Why You Should Say ‘Tricky People’ Instead Of ‘Stranger Danger’

by | August 8, 2018

Is ‘Stranger Danger’ a phrase used in your home? 

What about the people your kids know that might hurt them?

 

The van with the kittens, and not taking candy from strangers. It’s every parent’ worst nightmare and instilled in kids from the moment they talk to someone they shouldn’t. “Never talk to strangers” or “stranger danger”. It was a rational guideline to give kids, and instilled fear in them, that they should heed their parents’ warnings.

Yet, not every person who is unsafe is a stranger –

1. Approximately 20 percent of girls (1 in 5) and 8 percent of boys (1 in 12.5) will be sexually abused before their 18th birthday (Pereda et al, 2009).

2. 95 percent of sexually abused children will be abused by someone they know and trust (NAPCAN 2009).

3. Of those molesting a child under six, 50 percent were family members. Family members also accounted for 23 percent of those abusing children 12 to 17 years (Snyder, 2000).

4. The most vulnerable age for children to be exposed to sexual assault is between 3 and 8 years with the majority of onset happening between these ages (Browne & Lynch, 1994).

5. Males made up 90 percent of adult-child sexual assault perpetrators, while 3.9 percent of perpetrators were female, with a further 6 percent classified as ’unknown gender’ (McCloskey & Raphael, 2005).

6. As many of 40 percent of children who are sexually abused are abused by older or more powerful children. (Finkelhor, 2012) Note: with the easy access to pornography we are seeing more and more cases of a child on child sexual abuse, and older children/siblings sexually abusing younger children. Twenty-three percent of all 10 to 17-year-olds experience exposure to unwanted pornography (Jones L., et al 2012).


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The statistics are sobering. With 50% of abuse victims being assaulted by family members, it’s time to stop warning children only about ‘stranger danger’, and start telling them about ‘tricky people’.

Pattie Fitzgerald is the founder of Safely Ever After, Inc., an “Innovative, Non-Fearful Safety Programs for Parents & Kids,” as described on her site. And she says that it’s crucial we parents talk to our kids about what potentially harmful people might look like, do, or say. Because the truth is, they aren’t always big scary men. They could look like a sweet grandpa. Or even a mom, he told to Scary Mommy.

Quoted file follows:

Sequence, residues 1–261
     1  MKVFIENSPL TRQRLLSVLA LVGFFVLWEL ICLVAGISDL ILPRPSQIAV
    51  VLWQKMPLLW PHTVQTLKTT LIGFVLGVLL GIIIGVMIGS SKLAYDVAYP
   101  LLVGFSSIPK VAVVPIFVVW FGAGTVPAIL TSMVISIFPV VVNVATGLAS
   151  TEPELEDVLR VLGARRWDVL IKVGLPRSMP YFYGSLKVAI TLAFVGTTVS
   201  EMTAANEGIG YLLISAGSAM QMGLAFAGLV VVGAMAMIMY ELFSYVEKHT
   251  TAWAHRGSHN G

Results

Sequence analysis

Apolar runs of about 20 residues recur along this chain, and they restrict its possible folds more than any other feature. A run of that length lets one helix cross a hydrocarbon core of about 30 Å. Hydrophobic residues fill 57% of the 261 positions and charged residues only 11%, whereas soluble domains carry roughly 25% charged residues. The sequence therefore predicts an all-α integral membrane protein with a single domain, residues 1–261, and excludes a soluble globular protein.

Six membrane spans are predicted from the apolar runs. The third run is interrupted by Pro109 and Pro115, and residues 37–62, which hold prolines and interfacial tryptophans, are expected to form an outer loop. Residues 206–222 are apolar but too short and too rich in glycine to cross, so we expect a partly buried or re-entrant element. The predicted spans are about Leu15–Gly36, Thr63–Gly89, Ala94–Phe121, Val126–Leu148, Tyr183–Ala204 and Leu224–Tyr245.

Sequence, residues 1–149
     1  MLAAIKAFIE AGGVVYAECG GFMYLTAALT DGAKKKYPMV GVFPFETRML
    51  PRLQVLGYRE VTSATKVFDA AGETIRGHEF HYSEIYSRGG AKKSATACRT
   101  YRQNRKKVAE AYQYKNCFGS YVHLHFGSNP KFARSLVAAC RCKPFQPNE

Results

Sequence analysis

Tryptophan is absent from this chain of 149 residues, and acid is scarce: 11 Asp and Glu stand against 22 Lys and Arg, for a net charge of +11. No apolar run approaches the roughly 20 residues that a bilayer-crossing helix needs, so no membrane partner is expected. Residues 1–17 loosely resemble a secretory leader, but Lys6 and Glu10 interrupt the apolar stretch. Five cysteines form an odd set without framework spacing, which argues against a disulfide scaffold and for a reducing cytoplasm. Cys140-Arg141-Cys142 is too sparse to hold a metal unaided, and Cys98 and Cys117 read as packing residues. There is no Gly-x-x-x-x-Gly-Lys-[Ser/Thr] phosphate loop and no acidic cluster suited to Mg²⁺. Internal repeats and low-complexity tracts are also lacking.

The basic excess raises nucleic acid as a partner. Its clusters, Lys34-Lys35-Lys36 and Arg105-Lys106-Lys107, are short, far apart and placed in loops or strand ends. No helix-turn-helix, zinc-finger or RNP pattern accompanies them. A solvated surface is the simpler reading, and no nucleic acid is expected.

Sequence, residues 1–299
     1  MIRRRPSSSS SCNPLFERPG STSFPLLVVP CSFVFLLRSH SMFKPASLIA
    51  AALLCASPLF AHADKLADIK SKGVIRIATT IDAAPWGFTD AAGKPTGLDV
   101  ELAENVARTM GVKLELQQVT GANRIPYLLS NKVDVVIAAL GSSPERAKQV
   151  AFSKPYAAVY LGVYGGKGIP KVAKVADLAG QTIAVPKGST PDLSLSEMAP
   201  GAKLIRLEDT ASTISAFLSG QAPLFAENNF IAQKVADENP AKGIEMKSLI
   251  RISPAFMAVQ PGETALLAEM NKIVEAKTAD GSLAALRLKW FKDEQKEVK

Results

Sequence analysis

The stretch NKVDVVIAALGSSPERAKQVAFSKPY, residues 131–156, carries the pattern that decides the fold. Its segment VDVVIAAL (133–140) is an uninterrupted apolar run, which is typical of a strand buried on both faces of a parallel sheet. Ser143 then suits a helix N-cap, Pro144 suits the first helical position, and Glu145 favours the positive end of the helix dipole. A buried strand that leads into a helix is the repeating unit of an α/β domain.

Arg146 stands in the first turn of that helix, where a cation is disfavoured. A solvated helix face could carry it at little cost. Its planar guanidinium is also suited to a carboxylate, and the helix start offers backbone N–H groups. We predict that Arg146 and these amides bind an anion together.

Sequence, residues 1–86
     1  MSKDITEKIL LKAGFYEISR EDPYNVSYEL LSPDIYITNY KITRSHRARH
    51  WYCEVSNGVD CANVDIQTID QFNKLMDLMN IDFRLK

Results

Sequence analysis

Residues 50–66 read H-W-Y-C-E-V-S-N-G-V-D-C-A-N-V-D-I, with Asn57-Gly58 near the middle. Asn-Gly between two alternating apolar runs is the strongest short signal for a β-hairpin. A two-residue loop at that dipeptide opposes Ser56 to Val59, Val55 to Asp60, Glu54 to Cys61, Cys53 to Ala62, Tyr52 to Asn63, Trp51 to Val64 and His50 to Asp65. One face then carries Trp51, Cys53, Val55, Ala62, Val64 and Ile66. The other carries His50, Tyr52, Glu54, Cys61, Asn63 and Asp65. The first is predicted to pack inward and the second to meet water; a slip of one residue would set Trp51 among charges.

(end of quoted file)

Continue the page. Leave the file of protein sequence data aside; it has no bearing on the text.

Case in point: mom of four Jodie Norton shared her terrifying story of having her sons wait outside an ER for a ride from a neighbor while she rushed inside for medical attention. As they waited, a woman with two men approached, asking them to “help” their friend in the bathroom. RED FLAG ALERT. One “trick” that “tricky people” use is asking kids for help. Safe adults will ask another adult for help, not a child.

Thankfully Norton’s kids recognized these people as unsafe and didn’t go with them to “help” their friend.

stranger danger

As our children age, we have to loosen the tight grip we have on them, allowing them their own freedoms to discover the world, meet people, stay out past curfew and get in trouble. They will be adults one day, and they need to learn about the world before that happens. Telling them that only strangers are the problem, is not telling them to be alert when a family member or a neighbor makes them feel uncomfortable.

Going through scenarios with your children, that are age appropriate and plausible, is one way to make them feel comfortable finding their voice, and also showing them what ‘tricky people’ are like.

Maybe someone has a box of puppies and needs help finding the mom. Or knows their favorite treat and offers them some. Asking children what they would do in that scenario, and going through the reasoning why it is not a good idea, and why they have to come to get their parents will reinforce what and who tricky people are, so if it ever does become reality. They are prepared.

Having a ‘safe list’ of adults for your kids keeps them in tune with what is allowed, and who they should be alone with. Especially in cases of emergencies and they cannot to their parent(s), the knowledge of a small list of adults who are considered safe, in their cars or homes alone.

Because for young kids, the line between the stranger and “someone I know” can also get confusing. If a stranger starts up a conversation with them, and they “make friends” at the park, is that person still a stranger? What about our neighbor who we wave hello to every day? He’s not a stranger, but he’s not on that list. And it’s important that they know the distinction.

Safely Ever After, Inc. also offers other valuable tips to talk about with your kids, such as: “I don’t have to be polite if someone makes me feel scared or uncomfortable. It’s okay to say NO, even to a grownup, if I have to.” They also tell kids to pay attention to their “Special Inner Voice,” especially if it’s sending an uh-oh feeling. Because it’s a valuable lesson to teach our kids from an early age how powerful their intuition can be.

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Emma Williams

Associate Editor, USA | Contactable via emma@raisevegan.com

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